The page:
Keeler: Baldwin had all the tools – except the ability to catch the darned ball

KANSAS CITY, Mo. — Tools? Jon Baldwin had enough tools to fill three of Batman’s utility belts, or so the legend went.

In the spring of 2011, the University of Pittsburgh star wideout measured 6-foot-4 and change. He ran a 40 in 4.51. He boasted a vertical of 42 inches and a 6-8 wingspan. If Calvin Johnson was Megatron, Baldwin had the goods to turn himself into a pretty decent Starscream.

“You have to catch the football,” coach Andy Reid had said during a conference call last Saturday.

Baldwin didn’t. Period. Full-stop. End of story. The last pass thrown at the Pennsylvania native as a Kansas City Chief, he dropped, which was awful and perfect, all on one fell swoop. He was open. The toss from quarterback Alex Smith was almost numbers-perfect. He whiffed anyway.

We might never know exactly if that moment — during the first half of a 15-13 exhibition loss to the San Francisco last Friday night — was the last straw in the minds of Reid and new general manager John Dorsey, neither of whom drafted Baldwin or felt any loyalties toward the fact that he was the club’s first-round selection in 2011.

“When we give you an opportunity,” Reid had said, “you have to make sure you take advantage of that opportunity.”

Baldwin didn’t. Which more or less explains why such a physical specimen who a year ago at this time was being touted as a possible successor to Dwayne Bowe was on Monday traded to the Niners for another underachieving former first-rounder, receiver A.J. Jenkins.

“We felt like this trade was beneficial,” Dorsey said in a news release, “for all parties involved.”

And sometimes, you’ve just got to know when to cut bait. In two seasons-plus in Kansas City, Baldwin will be best remembered for three things, none of them kind:

1. Injuring his wrist in a fight veteran teammate Thomas Jones in August 2011;

2. His uncanny ability to appear positively dazzling in spring and summer practice sessions, especially those of the non-contact variety;

3. His complete inability to replicate that practice form in the fall once the real games, and real contact, actually started.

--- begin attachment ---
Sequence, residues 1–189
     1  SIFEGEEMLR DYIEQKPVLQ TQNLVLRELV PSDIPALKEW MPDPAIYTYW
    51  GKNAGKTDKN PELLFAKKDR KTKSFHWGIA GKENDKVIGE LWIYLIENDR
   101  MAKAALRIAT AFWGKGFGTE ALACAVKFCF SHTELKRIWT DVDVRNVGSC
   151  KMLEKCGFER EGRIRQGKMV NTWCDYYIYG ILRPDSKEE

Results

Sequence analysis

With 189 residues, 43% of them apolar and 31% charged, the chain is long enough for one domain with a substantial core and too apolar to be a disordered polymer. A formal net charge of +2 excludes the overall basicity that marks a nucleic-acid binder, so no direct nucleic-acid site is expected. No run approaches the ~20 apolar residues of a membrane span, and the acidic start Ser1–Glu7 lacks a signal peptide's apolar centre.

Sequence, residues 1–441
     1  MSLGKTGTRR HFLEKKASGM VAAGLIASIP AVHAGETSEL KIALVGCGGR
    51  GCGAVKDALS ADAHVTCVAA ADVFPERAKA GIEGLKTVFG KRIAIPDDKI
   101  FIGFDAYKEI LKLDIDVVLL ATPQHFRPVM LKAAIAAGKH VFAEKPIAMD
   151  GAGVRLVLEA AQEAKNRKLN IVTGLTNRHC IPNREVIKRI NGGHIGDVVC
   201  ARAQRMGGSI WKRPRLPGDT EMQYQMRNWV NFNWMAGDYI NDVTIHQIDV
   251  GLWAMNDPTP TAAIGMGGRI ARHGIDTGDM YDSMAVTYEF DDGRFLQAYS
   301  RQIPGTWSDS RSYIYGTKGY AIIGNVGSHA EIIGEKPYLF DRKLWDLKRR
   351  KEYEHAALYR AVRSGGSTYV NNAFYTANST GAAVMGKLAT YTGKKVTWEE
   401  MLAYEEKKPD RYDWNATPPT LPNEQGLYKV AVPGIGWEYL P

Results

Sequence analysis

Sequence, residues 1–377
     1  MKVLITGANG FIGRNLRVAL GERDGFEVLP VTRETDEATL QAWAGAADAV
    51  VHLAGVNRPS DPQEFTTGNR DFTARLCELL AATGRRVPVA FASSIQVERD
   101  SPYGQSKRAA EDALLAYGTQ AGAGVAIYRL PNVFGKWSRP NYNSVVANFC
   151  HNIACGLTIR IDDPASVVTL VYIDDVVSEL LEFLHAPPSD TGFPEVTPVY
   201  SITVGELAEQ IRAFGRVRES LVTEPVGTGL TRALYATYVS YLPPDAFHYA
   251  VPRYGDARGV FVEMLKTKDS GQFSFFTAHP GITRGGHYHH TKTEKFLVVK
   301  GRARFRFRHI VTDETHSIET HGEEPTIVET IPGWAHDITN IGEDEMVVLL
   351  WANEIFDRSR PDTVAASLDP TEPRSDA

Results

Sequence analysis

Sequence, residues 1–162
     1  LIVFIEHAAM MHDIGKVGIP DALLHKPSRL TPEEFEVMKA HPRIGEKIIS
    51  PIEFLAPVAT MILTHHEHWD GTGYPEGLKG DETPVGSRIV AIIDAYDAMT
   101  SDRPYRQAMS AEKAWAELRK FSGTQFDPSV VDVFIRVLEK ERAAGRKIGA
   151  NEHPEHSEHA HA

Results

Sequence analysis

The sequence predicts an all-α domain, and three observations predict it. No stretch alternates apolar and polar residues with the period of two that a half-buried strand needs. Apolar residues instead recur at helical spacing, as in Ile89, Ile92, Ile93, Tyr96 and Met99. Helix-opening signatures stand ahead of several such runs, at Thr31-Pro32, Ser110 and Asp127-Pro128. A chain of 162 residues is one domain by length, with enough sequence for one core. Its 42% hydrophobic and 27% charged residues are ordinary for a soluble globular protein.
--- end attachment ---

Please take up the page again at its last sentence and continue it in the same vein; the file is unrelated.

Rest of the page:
Over 26 regular-season appearances as a Chief, Baldwin was targeted just 2.41 times per game, which meant he struggled to get open. Of the 99 balls thrown his way, he actually caught just 41.4 percent of them, which meant he also struggled to bring in the few balls that actually came his way.

As you might imagine, neither of those numbers mesh with the new regime in the slightest. In his receivers, Reid values reliability and consistency over physique, given a choice. He’s running the west coast offense here, not a Mr. Universe pageant.

And there were signs in the spring, in hindsight, going back to the earliest Organized Team Activities (OTAs) that Baldwin and the Reid/Dorsey power bloc might not be compatible, long-term. While his new coach made a point to be supportive, complimentary and politically correct in front of the cameras, you have to wonder, privately, if patience with the former Panther had finally worn thin.

One argument in Baldwin’s defense had been to factor in the raggedy arms — namely, Matt Cassel and Brady Quinn — charged with throwing him the rock. But after months of workouts and two preseason games with Alex Smith and Chase Daniel turning up largely similar results, Reid and Dorsey came to the same realization as Chiefs fans: The biggest thing holding No. 89 back was, in fact, No. 89 himself.

“We keep shooting the ball to him and that’s the thing, and you don’t know what you will get out of him,” offensive coordinator Doug Pederson had told reporters Sunday. “If he is in a slump, and I don’t think he is, I just think he needs to continue to focus and detail his work … you continue to press on. We always talk about short-term memory. You have to have it in this business and move on.”

Monday, the Chiefs did exactly that. Because regardless of how you parse Baldwin’s legacy, the bottom line remains the same: Arms of steel are superfluous if they’re attached to hands of stone.

You can follow Sean Keeler on Twitter @seankeeler or email him at